|A Bhottara artist doing paddy craft|
|A Bhottara woman with her paddy crafts|
Since living in a close harmonious nature the tribal have developed a natural art with them. Embroidery work of the tribal communities is such an art where we can find a theme in the colors and designs directly resembles. With the help of sharp needle work, the Dongria Kondh women and Toda women shows their extremely good skill in embroidery which is a pattern of their aesthetic sense and nature influenced.
|Dongria Kondh lady doing embroidery|
|Dongria kondh girl doing embroidery|
Weaving tradition among the tribal people is an indispensible work of women in their social life. In Manipur a girl without the knowledge of weaving is considered to be immature to attain a married life, whereas the weaving of Ringa (loin cloth of women) among the Bonda tribe of Odisha bears a mythical value behind it. It is because of these great traditions that the tribal and folk people of Manipur and Bonda of Odisha are well identified with their unique dress, color, and patterns. Weaving in every household of Manipur is prepared with the help of simple strap-loom , whereas the Bonda tribe practice it with the help of a pit-loom.
|A Bonda woman weaving Ringa in a pit-loom|
|A Kom women with her strap-loom|
Being a National museum of Mankind IGRMS is sporadically organizing such type of craft mela, demonstration programmes in different states to make alive the different culturally vibrant crafts which are on the brink of evaporation. 'The National Live Demonstration Programme on Tribal arts and crafts' at Bhubaneswar which was held from 1st-10th June 2012 for 10 days in the complex of Museum of tribal Arts and Crafts, Bhubaneswar, was the first attempt of IGRMS to introduce the inter-state craft making techniques of other tribal communities among the Odisha tribes collaboratively with SCSTRTI, Bhubaneswar.
Around 32 artists from different tribal communities and states except Odisha were invited by IGRMS, Bhopal having artistic skill on different craft. Gond and Bhill painters from Madhya Pradesh, Rathwa painters from Gujarat, Kotta craft artisans from Tamil Nadu, basket weavers from Manipur, Muria painters from Bastar, Weavers from Manipur, and Toda embroidery artisans from Tamil Nadu participated in the demonstration programme to show the mastery over their concerned craft.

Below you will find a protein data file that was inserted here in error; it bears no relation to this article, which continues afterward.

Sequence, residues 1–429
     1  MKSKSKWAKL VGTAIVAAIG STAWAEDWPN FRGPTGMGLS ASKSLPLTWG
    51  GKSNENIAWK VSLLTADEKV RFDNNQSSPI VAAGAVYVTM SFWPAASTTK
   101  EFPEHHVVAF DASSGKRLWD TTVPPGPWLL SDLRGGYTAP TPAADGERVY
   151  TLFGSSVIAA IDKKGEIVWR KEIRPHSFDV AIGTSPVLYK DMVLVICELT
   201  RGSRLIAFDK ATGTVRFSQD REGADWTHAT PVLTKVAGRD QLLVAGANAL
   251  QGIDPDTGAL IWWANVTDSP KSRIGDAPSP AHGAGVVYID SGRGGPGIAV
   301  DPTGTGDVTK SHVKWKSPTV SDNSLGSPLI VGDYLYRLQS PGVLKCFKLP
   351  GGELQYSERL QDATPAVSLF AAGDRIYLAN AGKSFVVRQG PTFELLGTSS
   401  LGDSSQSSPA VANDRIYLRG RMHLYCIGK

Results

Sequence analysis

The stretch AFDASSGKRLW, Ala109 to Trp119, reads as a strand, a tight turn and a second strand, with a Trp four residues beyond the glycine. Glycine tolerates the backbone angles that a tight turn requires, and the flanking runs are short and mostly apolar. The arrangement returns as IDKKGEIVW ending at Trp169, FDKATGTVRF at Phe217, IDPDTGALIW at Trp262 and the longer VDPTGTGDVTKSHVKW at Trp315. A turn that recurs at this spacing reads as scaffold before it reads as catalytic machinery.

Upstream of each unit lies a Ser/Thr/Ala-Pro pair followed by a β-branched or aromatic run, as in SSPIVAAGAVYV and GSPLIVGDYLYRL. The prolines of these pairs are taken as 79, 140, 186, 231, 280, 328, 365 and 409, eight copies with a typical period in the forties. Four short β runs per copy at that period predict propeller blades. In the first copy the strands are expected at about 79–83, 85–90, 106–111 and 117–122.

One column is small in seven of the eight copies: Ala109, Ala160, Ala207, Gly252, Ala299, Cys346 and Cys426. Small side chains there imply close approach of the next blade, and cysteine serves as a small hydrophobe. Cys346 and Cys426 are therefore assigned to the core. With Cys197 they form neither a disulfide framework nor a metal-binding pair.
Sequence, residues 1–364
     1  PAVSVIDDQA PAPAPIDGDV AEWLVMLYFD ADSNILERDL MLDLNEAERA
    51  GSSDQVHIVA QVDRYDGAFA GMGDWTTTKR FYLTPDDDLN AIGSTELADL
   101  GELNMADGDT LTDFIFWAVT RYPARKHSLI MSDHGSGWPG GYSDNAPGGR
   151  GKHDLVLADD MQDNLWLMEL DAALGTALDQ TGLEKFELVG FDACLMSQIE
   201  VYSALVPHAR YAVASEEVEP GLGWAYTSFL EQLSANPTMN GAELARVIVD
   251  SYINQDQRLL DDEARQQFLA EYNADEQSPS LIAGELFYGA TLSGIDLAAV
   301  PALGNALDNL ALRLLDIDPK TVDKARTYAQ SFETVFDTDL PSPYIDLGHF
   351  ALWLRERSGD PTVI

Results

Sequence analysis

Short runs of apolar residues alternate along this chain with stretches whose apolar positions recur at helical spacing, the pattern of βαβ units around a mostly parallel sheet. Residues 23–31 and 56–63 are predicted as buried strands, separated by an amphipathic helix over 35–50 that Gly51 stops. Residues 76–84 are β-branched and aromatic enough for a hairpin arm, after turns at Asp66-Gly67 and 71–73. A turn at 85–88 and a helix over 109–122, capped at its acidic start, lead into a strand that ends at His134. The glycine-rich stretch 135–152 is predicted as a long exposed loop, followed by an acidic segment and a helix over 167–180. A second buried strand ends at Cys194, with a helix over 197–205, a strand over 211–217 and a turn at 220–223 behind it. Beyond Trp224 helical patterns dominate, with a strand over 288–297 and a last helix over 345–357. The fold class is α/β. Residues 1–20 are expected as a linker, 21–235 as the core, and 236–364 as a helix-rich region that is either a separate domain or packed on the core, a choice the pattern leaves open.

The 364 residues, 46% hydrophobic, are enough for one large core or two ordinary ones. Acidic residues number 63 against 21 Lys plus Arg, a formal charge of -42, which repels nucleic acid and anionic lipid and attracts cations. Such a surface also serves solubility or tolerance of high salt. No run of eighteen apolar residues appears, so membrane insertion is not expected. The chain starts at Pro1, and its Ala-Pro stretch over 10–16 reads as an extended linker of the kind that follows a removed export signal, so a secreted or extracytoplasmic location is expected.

These artisans were invited with an apparent motive to encourage their economic activity through a collective mode by creating integrated links. Each of the tribal artisans has their great importance with nature and culture, and their habits are really humble and affable in such a way to be appreciated. The weavers from Manipur, one among them enthralled the visitor with all of their beautiful traditional weaving techniques.
The sharing of ideas and enormous interests of the artisans to learn and to share their own ideas and techniques with other communities is the unusual achieved output of this programme. The Interactive session was also organised where participants interacted with the resource persons invited by the co-organizers. This collaborative exercise has given them full support to demonstrate their skills of craftsmanship by using locally available materials and input of the innovative ideas through mutual interactions.
|Maring artists learning paddy craft|
|A paite artist learning siali craft|
|A Paite artist learning bead knitting.|
To create a sustainable atmosphere for these diminishing craft and culture a chain should be developed between the artisans and the global market through the government or non-government organization with minimized or no mediators resulting in profitable transactions. This session stressed on the need for promotion of tribal art and crafts and their sustainable development.
*Based on the research work of the author